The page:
What Do Horses Eat? Top Feeding Guide for Healthy Horses

What Do Horses Eat? Top Feeding Guide for Healthy Horses
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If you've ever driven past a field of horses, you probably noticed a few of them eating. A horse spends most of its time each day with its heads lowered, munching as it walks. Since these large creatures require so many calories, you may find yourself wondering, "what do horses eat, anyway?"


A horse's digestive tract is roughly three times longer than a human's. This complex system can require different amounts of nutrients based on the horse's daily activities. In this article, we'll cover everything you need to know about horse nutrition so you can provide them with healthy food!



What Do Horses Eat?

Horses are herbivores, meaning the cornerstone of their diet is plant material. The most expensive part of caring for some animals is providing meat, but you won't have to worry about that with horses. They primarily eat grass, hay, haylage (chopped forage), and grains like oats or corn.


Fruits and vegetables are just as nutritious for horses as they are for us. Most of the nutrients horses need come from these plant materials, but you can also round out their diet with vitamins, minerals, and concentrates. Concentrate mixes combine grains, vitamins, and minerals into a single feed.



wild red and blond horses in field



Grass & Tender Plants

Grass and tender plants are the feed of choice for wild horses. As with most animals, the best way to understand a horse's digestive system is by examining its eating patterns in its natural habitat. Research has shown that grasses make up 82% of wild horses' diets.


Of the remaining 18% of their diet, wild horses eat 10% forbs (a type of plant) and 8% shrubs. The average horse will get plenty of nutritional value from these sources if allowed to wander around a pasture. 


If you're wondering whether your land would make good pasture, the Natural Resources Conservation Service has published this helpful guide.



Even the best pasture may not be available for feeding year-round. If the land your horses graze on isn't accessible due to weather or other conditions, hay is also an excellent option. Be sure to test your hay for the proper nutrients and add supplements as needed. Consult an equine veterinarian when planning your horse's diet.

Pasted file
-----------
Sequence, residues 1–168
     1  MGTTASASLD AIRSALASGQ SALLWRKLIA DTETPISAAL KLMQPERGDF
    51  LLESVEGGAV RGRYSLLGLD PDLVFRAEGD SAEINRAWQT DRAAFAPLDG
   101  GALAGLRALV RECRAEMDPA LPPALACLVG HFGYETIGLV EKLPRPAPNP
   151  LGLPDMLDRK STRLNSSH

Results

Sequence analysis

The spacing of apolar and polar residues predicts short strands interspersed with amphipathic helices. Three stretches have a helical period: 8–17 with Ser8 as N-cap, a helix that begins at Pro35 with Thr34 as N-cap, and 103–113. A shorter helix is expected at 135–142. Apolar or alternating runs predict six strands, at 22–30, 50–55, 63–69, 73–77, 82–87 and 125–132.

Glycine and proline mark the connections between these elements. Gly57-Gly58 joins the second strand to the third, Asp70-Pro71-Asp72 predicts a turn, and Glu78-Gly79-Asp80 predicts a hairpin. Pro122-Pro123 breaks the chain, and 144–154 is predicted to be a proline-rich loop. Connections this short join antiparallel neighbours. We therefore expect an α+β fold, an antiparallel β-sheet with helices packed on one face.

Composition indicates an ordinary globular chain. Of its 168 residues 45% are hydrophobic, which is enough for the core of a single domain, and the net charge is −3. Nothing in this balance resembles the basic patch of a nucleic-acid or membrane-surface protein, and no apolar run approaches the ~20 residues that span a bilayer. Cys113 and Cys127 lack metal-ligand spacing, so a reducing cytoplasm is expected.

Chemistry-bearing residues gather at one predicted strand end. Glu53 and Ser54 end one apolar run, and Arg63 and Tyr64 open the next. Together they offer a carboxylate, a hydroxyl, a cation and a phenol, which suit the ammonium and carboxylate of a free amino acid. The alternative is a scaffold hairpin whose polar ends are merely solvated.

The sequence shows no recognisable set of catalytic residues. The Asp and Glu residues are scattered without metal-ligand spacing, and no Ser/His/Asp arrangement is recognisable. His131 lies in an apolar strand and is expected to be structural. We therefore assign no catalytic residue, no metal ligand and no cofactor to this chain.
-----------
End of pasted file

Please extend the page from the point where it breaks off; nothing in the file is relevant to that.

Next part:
If the terms silage, forage, hay, and haylage sound similar or confusing, don't worry! Let's break down each of these nutrients:


  • Forage: Forage is a loose term that essentially means "food." However, when it comes to livestock, forage usually refers to plant leaves and stems. Forage is typically eaten by animals directly from the ground. 
  • Silage: The term silage comes from "silo" and "forage." Silage is made by compacting forage until it's dense, then storing it in a silo without drying it. By fermenting the feed and keeping it in airtight conditions, silage can last up to three years.
  • Hay: Hay is similar to forage in that it can be made of grass, plant leaves, and stems. It most commonly applies to alfalfa and legumes. The primary difference between hay and forage is that hay has been cut and dried to be used as feed, while forage is sought out by the animal.
  • Haylage: As its name implies, haylage combines the benefits of hay and forage. While the grass used for hay isn't cut and dried until it is mature, haylage grass is harvested sooner. It is also left to wilt and dry for a shorter time, resulting in haylage containing more moisture than hay. Haylage has about 45% moisture, while hay holds 20%.


Horse Pellets

Horse pellets are made by grinding nutrients into a mash. The ingredients can vary depending on the pellet, but most contain grains, minerals, and vitamins. The mixture is forced through a machine that divides it into small pellets while simultaneously cooking the mash.


Pellets are a highly digestible nutrition source because they are tiny in size and contain cooked ingredients. Ground and cooked food is easier for a horse to digest than textured grains. 


Can Horses Consume CBD? 

Absolutely! Not only is CBD safe for horses, but it's also beneficial. HolistaPet's CBD horse pellets and oil can reinforce your horse's digestive system and enhance their usual feed. It promotes homeostasis and a calm, relaxed feeling that can help horses with eating troubles.


Your horse needs plenty of plant material, and CBD comes from the incredibly versatile hemp plant. We send our products to a third-party lab to ensure they only contain the most health-conscious compounds. You can see the lab results, called certificates of analysis (COAs), for all our products.


HolistaPet's CBD horse products are made with 100% natural, organic, non-GMO ingredients. Our CBD horse pellets and horse oil tinctures are rich in omega-3, 6, and 9 fatty acids, all of which are important for your horse's nutritional needs. 


Grains & Concentrates

Grain gives horses their energy, which is vital for these large, working steeds. Many grains are suitable for a horse's energy and overall health, but that doesn't mean every grain is equally beneficial. For example, wheat should not be fed to horses, as it can inhibit their gastrointestinal tract.